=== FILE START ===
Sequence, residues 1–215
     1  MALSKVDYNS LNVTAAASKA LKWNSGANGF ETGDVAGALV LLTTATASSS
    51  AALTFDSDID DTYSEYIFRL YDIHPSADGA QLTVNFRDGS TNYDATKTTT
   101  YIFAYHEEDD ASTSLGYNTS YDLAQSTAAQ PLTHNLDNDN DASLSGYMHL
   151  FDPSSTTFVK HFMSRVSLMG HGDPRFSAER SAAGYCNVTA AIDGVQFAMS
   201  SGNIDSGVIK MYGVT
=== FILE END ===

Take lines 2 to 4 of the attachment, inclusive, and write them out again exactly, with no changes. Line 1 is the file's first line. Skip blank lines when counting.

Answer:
     1  MALSKVDYNS LNVTAAASKA LKWNSGANGF ETGDVAGALV LLTTATASSS
    51  AALTFDSDID DTYSEYIFRL YDIHPSADGA QLTVNFRDGS TNYDATKTTT
   101  YIFAYHEEDD ASTSLGYNTS YDLAQSTAAQ PLTHNLDNDN DASLSGYMHL